WASHINGTON (ABC7) — Toni Morrison, the first black woman to ever be awarded the Nobel Prize in Literature, turned 88 on Monday.
In addition to the Nobel Prize in 1993 and a Grammy in 2008, Morrison won numerous other literary awards, including the Pulitzer Prize. (See a full list below)
President Barack Obama gave her the Presidential Medal of Freedom in 2012.
Born in Lorain, Ohio, on February 18, 1931, to Ramah and George Wofford, she was named Chloe Ardelia Wofford.
Morrison earned a B.A. in English from Howard University in 1953 and a Master of Arts from Cornell University in 1955. She later taught at Howard for seven years. She is a professor emeritus at Princeton University.
In 1958 while she was teaching at Howard, she married Harold Morrison, a Jamaican architect. They had two sons before they divorced in 1964.
In 1988, Morrison won the American Book Award and the Pulitzer Prize for Fiction for her novel, Beloved. Ten years later, the novel was adapted for a film starring Oprah Winfrey and Danny Glover.
Her first novel was The Bluest Eye in 1970. Other celebrated novels include Sula, Song of Solomon, Tar Baby, Jazz, Paradise, and God Help the Child.
In 2008, Morrison won the Grammy Award for Best Spoken Word Album for Children with Who's Got Game? The Ant or the Grasshopper? The Lion or the Mouse? Poppy or the Snake?
She has been awarded Honorary Doctor of Letters from Harvard University, Oxford University, Rutgers University, and the University of Geneva.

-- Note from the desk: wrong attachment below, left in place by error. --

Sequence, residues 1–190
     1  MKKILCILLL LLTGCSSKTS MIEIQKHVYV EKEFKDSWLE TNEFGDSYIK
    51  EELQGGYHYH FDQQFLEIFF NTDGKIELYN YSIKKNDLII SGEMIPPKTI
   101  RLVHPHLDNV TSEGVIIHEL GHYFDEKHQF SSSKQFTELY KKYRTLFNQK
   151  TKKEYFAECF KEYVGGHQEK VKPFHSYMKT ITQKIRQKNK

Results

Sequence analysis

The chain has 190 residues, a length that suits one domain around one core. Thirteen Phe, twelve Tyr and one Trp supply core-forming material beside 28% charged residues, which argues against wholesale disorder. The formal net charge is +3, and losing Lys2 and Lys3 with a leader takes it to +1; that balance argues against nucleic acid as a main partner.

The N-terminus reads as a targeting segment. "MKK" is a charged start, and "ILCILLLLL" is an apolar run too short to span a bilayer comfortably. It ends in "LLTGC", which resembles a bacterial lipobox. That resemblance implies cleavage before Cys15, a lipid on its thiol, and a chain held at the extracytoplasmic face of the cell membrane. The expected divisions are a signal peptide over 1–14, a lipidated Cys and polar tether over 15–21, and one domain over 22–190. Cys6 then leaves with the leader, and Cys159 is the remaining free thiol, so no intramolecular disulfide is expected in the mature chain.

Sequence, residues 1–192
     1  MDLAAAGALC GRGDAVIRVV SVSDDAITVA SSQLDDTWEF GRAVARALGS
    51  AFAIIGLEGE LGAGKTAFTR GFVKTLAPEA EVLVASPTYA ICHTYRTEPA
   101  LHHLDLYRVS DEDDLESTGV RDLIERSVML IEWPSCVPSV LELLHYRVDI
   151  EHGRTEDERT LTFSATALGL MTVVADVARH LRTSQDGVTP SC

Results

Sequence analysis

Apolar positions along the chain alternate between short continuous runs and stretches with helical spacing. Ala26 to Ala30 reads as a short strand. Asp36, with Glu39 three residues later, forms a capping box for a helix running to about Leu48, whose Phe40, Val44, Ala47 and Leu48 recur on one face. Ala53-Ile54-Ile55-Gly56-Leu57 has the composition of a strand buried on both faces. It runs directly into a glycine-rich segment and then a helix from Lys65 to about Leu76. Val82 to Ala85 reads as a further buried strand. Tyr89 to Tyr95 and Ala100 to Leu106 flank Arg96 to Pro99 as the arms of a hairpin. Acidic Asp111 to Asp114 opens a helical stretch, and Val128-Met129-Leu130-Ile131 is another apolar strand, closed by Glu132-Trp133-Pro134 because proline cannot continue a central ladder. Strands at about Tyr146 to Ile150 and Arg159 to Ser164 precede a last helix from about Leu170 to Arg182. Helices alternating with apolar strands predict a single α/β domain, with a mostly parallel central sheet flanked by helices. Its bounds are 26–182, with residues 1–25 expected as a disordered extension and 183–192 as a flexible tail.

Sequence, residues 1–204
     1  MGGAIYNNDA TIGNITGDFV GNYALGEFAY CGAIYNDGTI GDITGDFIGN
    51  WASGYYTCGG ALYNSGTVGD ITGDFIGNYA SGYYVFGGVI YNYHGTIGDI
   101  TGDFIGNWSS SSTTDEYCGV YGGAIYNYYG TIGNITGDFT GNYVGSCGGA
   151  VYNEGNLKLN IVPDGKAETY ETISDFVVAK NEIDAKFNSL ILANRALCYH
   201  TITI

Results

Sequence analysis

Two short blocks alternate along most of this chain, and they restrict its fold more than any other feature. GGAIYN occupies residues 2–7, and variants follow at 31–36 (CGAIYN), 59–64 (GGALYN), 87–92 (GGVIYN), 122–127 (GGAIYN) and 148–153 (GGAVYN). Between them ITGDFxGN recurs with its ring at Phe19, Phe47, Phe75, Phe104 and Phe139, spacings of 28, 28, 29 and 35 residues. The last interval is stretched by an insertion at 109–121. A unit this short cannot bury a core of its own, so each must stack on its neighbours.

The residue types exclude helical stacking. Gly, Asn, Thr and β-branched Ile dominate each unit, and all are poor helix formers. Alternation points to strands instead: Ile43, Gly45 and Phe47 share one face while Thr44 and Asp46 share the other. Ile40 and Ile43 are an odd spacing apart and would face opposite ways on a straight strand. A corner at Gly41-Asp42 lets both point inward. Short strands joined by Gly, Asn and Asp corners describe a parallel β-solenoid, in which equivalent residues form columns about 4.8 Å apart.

1977: National Book Critics Circle Award for Song of Solomon
1977: American Academy and Institute of Arts and Letters Award
1987–88: Robert F. Kennedy Book Award
1988: Helmerich Award
1988: American Book Award for Beloved
1988: Anisfield-Wolf Book Award in Race Relations for Beloved
1988: Pulitzer Prize for Fiction for Beloved
1988: Frederic G. Melcher Book Award for Beloved. A remark in her acceptance speech that "there is no suitable memorial or plaque or wreath or wall or park or skyscraper lobby" honoring the memory of the human beings forced into slavery and brought to the United States; "There's no small bench by the road," led the Toni Morrison Society to begin installing benches at significant sites in the history of slavery in America; the first "bench by the road" was dedicated July 26, 2008, on Sullivan's Island, South Carolina, the point of entry for about 40 percent of the enslaved Africans brought to British North America.
1989: MLA Commonwealth Award in Literature
1989: Honorary Doctor of Letters at Harvard University
1993: Nobel Prize for Literature
1993: Commander of the Arts and Letters, Paris
1994: Condorcet Medal, Paris
1994: Rhegium Julii Prize for Literature
1996: Jefferson Lecture
1996: National Book Foundation's Medal of Distinguished Contribution to American Letters
2000: National Humanities Medal
2002: 100 Greatest African Americans, list by Molefi Kete Asante
2005: Honorary Doctorate of Letters from Oxford University
2008: New Jersey Hall of Fame inductee
2009: Norman Mailer Prize, Lifetime Achievement
2010: Officier de la Légion d'Honneur
2011: Library of Congress Creative Achievement Award for Fiction
2011: Honorary Doctor of Letters at Rutgers University Graduation Commencement
2011: Honorary Doctorate of Letters from the University of Geneva
2012: Presidential Medal of Freedom
2013: The Nichols-Chancellor's Medal awarded by Vanderbilt University
2014 Ivan Sandrof Lifetime Achievement Award given by the National Book Critics Circle
2016 PEN/Saul Bellow Award for Achievement in American Fiction
2016 The Charles Eliot Norton Professorship in Poetry (The Norton Lectures), Harvard University
2016 The Edward MacDowell Medal, awarded by The MacDowell Colony